Sunday, September 21, 2014

Is an Escrow System Cheaper than Charge Backs

Trust is tough when payer and payee never meet physically. When any part of a transaction fails costs mount and recriminations fly. If the concept of a small value gross real time payment system succeeds it will need a mechanism other than Reg E or charge backs to cure a failed transaction.

So the bum’s pocket (small value gross real time payment system designed earlier in this blog) requires a method to protect both sides of a transaction. I envisage different solutions when the world eliminates charge backs. There might be healthy competition between shippers and financial institutions (FI). 

Shippers may offer a service similar to collection on delivery except collection occurs before shipment. In this scenario the payer pays shipper; shipper picks up and delivers goods; payer accepts shipment; shipper pays payee (keeping shipping fees).If the payer or payee disputes the transaction then the shipper picks up the goods and returns them to the payee and refunds the payer(subtracting more fees).

Another alternate solution dictates the design of the data protocol for a command to pay message. The message must allow for multiple payees. In that way a FI can offer standard escrow services. The payer directs the bum’s pocket to credit a shipper and an escrow account owned by the FI.  The FI moves the funds to the payee after notification of receipt by the payer or the passage of time. In the case of a dispute the FI holds the funds until payer and payee resolve it and both parties notify the FI they resolved the dispute.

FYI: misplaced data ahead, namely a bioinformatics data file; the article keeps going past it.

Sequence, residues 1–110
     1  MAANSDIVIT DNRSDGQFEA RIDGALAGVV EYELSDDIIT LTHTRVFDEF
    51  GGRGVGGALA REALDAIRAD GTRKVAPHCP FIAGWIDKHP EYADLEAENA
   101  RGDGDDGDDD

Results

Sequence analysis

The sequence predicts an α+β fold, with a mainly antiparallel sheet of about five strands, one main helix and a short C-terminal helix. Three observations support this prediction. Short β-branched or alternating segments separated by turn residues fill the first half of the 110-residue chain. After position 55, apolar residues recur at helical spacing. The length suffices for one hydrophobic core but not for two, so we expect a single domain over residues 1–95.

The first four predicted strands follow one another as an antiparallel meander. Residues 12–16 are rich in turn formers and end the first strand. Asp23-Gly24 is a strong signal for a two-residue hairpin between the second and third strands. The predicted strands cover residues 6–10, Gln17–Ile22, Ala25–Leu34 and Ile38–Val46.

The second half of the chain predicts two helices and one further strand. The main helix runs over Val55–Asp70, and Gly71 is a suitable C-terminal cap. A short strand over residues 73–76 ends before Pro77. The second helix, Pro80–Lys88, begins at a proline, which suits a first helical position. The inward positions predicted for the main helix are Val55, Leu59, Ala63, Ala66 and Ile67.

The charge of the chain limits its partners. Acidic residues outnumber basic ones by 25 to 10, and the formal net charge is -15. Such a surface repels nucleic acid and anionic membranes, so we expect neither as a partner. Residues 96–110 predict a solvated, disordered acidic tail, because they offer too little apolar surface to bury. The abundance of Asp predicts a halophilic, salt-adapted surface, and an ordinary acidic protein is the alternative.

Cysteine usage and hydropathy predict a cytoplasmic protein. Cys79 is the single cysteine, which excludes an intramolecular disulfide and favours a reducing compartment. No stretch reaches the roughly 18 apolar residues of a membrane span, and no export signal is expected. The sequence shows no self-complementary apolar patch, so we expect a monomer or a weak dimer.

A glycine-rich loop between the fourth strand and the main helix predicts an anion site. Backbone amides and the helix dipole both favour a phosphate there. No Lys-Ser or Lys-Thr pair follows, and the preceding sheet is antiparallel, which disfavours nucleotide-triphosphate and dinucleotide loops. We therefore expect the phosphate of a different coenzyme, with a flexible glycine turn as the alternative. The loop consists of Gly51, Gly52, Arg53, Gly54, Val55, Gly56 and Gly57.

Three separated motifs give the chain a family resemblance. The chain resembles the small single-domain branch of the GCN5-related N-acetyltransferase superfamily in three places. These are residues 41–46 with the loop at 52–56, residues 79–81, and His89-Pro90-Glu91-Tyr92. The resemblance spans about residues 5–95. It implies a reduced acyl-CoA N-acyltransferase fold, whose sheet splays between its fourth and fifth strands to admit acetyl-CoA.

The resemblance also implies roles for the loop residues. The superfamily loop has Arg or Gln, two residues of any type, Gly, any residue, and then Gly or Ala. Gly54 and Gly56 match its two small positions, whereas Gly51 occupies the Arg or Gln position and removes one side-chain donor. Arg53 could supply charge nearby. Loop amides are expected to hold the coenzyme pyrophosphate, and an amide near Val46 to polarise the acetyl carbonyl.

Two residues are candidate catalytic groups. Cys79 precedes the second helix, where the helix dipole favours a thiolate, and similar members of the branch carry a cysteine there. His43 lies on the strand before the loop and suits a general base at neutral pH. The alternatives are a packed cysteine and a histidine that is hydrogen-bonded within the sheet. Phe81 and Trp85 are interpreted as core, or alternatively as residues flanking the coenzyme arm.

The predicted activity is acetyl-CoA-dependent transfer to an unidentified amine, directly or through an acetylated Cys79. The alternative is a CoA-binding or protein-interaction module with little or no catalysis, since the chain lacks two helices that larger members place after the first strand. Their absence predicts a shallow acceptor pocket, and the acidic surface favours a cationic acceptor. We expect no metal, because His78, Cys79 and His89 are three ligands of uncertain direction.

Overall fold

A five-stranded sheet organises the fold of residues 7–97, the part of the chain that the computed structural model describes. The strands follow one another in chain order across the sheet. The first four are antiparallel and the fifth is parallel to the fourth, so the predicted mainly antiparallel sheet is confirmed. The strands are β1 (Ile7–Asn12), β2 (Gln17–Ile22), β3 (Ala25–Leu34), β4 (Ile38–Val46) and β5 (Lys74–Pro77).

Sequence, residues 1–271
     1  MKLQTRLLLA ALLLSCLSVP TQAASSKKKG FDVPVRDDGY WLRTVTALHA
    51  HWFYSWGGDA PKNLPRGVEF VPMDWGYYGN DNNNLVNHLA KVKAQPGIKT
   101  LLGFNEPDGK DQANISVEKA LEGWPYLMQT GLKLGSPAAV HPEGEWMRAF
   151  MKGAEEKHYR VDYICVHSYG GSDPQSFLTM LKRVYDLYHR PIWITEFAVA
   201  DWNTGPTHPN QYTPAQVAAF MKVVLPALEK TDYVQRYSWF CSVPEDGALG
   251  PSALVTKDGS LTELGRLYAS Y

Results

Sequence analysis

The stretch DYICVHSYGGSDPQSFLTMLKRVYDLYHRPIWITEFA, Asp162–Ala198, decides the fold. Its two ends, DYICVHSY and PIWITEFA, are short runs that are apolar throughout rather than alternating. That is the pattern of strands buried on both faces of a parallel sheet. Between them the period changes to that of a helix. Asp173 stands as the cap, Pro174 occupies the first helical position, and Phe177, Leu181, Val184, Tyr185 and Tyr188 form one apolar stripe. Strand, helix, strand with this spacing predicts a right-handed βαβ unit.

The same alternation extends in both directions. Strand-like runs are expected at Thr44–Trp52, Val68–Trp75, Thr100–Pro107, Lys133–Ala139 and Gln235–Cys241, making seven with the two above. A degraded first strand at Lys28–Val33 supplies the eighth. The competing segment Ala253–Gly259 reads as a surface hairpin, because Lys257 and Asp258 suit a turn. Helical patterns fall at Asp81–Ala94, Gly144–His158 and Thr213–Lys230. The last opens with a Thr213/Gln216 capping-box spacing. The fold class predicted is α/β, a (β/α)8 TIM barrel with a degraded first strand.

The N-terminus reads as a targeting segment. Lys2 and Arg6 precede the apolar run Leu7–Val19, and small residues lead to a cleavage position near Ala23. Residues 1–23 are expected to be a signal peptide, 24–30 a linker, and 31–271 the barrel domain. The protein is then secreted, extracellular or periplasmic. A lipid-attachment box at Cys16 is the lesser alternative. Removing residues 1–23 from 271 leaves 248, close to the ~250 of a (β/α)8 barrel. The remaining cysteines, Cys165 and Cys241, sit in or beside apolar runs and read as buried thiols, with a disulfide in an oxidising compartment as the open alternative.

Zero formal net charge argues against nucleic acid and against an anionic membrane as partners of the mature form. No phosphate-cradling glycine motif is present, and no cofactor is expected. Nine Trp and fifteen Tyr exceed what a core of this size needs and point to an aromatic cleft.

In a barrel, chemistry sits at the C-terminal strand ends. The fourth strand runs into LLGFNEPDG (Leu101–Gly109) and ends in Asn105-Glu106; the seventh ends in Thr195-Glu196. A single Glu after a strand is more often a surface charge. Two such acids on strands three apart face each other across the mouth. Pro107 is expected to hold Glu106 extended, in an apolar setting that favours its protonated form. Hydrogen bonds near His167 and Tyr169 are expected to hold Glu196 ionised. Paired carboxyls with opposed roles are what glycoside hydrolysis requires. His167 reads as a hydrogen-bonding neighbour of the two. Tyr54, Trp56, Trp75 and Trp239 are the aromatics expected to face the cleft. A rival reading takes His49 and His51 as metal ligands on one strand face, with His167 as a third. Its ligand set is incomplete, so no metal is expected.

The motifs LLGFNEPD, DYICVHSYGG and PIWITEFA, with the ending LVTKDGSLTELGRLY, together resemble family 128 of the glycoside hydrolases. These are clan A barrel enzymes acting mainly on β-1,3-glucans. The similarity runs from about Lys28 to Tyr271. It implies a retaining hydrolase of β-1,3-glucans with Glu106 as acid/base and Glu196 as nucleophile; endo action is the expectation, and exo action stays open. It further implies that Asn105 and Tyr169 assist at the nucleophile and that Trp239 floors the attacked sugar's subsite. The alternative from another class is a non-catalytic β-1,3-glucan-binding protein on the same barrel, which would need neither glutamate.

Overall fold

The question arises what costs more, routine multiple transactions, or charge backs. It seems to me that the former is more cost effective, but without any data or actual firms providing these services it is at best a haphazard guess. Certainly the passage of time allows for interest charges which allows the intermediary payee a chance for income without charging either the payer or payee.

However the payment system evolves, payees likely will be happier, and payers will not see much difference unless they intend to defraud their payees.

Next Blog: A discussion on current methods for foreign exchange transactions

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